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Issue #1597      June 12, 2013

Editorial

Crumbs for the low paid

Low paid workers have been sold short yet again. Last week’s so-called Fair Work Australia Minimum Wage Panel’s decision handed the lowest paid workers a miserly rise of 41 cents per hour or an extra $15.80 per week for a 38-hour working week. The minimum wage will be $16.37 per hour for adults and the weekly rate will rise by to $622.20. While a few crumbs are better than nothing, the decision is a slap in the face for the 1.5 million low paid workers whose wages are based on the decision. The $15.80 falls far short of recent increases in energy, water, transport, health, education and housing costs.

The ACTU had sought a very modest flat increase of $30 per week for the lowest paid but the Panel listened to the employers and government, granting a 2.6 percent wage rise. “We are stunned that today the Commission has acknowledged that wage inequality is rising in Australia but it has done absolutely nothing about it. In fact, after this decision, it will only get worse,” ACTU secretary Dave Oliver said. The percentage increase means those on higher incomes receive larger increases which widens the gap. Those most affected include unemployed workers and single parents being thrown off benefits, shop assistants, cleaners, hospitality workers, call centre staff, outworkers, process workers, apprentices, women, migrants and youth.

The employers called on the government to increase transfer payments (tax cuts and rebates and social security) for the low paid. (They sing a different tune at budget time, urging governments to cut payments and reduce expenditure so they can profit from tax cuts.) These payments are in effect an indirect subsidy to employers who pay poverty level wages to maximise profits.

“We acknowledge that both the relative living standards and the needs of those on lower award rates are assisted substantially by the tax-transfer system, but despite this assistance there is evidence of poverty and a rise in levels of financial stress among some low-paid families,” the Panel correctly points out. It then makes the incredible claim “that increases in minimum wages are a blunt instrument for addressing the needs of the low paid.” They are nothing of the sort. A decent wage rise could lift hundreds of thousands out of poverty – what the employers are covering up is that it would mean a cut in their profits.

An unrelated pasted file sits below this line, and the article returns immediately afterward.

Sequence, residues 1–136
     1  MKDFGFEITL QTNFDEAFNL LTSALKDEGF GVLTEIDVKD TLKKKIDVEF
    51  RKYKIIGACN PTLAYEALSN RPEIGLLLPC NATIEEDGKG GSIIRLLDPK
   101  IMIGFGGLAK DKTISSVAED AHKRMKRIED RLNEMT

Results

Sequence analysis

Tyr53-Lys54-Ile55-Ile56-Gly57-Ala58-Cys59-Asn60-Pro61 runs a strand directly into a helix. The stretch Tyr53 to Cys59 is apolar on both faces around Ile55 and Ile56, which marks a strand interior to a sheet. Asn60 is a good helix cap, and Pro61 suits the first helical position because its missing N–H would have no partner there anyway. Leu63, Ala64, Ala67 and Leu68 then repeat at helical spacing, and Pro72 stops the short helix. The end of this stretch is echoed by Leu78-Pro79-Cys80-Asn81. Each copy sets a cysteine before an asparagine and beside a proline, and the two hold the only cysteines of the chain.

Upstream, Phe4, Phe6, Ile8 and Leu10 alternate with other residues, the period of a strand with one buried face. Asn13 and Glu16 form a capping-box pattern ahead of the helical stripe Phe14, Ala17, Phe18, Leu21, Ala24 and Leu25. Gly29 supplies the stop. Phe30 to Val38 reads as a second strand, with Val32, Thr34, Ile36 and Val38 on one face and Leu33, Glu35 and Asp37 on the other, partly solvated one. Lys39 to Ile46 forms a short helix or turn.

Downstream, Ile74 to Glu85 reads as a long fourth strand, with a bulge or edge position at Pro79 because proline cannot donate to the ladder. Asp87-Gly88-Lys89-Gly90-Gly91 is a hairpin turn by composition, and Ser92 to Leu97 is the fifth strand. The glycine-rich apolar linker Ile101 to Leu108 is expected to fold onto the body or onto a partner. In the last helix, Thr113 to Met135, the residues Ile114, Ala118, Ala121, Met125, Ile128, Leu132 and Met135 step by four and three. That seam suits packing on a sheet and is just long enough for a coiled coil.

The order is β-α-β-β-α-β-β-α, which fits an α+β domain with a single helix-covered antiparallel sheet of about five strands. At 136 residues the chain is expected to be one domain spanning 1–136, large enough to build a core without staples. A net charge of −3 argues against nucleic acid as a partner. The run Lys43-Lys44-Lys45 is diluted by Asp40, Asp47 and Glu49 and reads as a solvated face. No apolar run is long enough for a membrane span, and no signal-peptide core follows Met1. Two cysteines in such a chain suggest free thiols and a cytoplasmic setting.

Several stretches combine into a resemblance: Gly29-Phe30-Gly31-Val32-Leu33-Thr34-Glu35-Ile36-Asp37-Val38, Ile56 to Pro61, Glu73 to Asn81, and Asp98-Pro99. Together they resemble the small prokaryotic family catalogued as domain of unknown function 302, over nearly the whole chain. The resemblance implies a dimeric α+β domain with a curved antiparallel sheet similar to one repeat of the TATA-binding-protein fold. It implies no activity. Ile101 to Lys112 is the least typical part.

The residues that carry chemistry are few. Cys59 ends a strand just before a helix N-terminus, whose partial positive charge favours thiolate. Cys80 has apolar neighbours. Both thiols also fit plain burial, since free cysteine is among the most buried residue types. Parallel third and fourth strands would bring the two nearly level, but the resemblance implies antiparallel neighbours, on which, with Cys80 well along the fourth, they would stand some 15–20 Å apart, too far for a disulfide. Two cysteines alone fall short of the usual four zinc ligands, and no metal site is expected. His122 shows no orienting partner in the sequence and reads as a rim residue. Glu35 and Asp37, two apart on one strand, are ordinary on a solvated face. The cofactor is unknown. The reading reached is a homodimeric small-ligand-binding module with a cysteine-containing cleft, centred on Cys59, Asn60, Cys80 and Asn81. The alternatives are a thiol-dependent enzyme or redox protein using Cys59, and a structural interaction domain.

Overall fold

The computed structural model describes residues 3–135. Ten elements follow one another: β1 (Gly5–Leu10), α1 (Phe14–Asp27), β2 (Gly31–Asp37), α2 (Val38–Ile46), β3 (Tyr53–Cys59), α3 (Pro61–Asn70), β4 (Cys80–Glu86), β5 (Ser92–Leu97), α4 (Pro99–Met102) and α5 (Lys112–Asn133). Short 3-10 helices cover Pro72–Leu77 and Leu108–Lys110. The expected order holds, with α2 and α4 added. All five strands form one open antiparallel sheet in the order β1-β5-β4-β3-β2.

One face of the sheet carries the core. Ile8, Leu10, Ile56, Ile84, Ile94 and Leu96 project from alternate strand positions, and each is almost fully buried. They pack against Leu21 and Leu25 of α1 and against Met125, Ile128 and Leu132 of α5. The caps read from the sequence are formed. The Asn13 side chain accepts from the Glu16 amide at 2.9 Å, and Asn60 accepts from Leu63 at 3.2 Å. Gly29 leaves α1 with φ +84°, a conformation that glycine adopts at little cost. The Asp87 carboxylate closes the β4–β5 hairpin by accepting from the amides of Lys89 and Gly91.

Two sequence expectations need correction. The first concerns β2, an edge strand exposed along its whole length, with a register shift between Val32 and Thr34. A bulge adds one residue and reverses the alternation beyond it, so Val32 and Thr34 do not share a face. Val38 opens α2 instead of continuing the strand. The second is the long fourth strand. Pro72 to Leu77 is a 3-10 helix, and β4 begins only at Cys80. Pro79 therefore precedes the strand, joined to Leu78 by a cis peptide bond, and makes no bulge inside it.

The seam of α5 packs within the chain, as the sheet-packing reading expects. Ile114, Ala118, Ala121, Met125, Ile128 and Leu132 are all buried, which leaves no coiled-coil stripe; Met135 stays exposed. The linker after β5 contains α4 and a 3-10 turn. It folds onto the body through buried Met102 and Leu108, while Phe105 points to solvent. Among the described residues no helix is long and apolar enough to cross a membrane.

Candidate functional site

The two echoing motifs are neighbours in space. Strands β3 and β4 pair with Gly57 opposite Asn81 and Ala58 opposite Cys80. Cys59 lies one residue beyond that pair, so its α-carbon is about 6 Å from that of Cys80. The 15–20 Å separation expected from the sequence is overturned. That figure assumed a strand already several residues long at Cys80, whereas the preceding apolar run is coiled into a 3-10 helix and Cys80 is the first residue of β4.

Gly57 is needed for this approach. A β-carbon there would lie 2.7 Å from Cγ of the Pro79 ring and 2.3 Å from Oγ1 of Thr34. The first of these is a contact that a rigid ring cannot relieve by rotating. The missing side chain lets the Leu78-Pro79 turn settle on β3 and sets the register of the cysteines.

Needless to say the Panel takes up the employer call, and suggests that the “tax-transfer system can provide more targeted assistance to low-income households and is a more efficient means of addressing poverty.” In other words, employers can be let off the hook to exploit their workforces to the hilt with no responsibility to pay workers a living wage, let along the full value of their labour. Taxpayers on the other hand – mainly workers on higher wages – can foot the bill to supplement higher rates of profit and starvation wages. This amounts to an indirect government subsidy to the private, for-profit sector. Talk about corporate welfare!

Workers were again cheated over productivity. The Panel’s 2012 decision noted an increase in labour productivity during 2011-12 but failed to pass it on. The 2013 review notes an increase of 2.9 percent in labour productivity as measured by GDP per hour worked. “… the gross value added in the market sector per hour worked increased by 2.4 per cent … ” In other words there was a marked increase in the rate of exploitation but this will not be shared with the exploited underpaid workers. “If sustained, the recent improvement in labour productivity could provide the capacity to address the declining relative position of the low paid and for them to share in increasing community living standards.” Don’t hold your breath!

The Panel’s decision further reduces low wages relative to average earnings and in doing so exerts downward pressures on the wages of other workers. It also has an impact on social security payments as the government attempts to widen the gap between the dole and minimum wage. Until such time as the trade union movement mounts a united, militant struggle including higher paid workers for a substantial increase in the minimum wage, the Panel and employers will continue to get away with offering the lowest paid a few crumbs once a year. Relying on sophisticated economic debates in a capitalist tribunal will never deliver workers the wages they deserve and need to live in dignity and provide for their families. The minimum wage campaign can only be won through action in the workplace and broader community.

Next article – Statement on position of National Organiser

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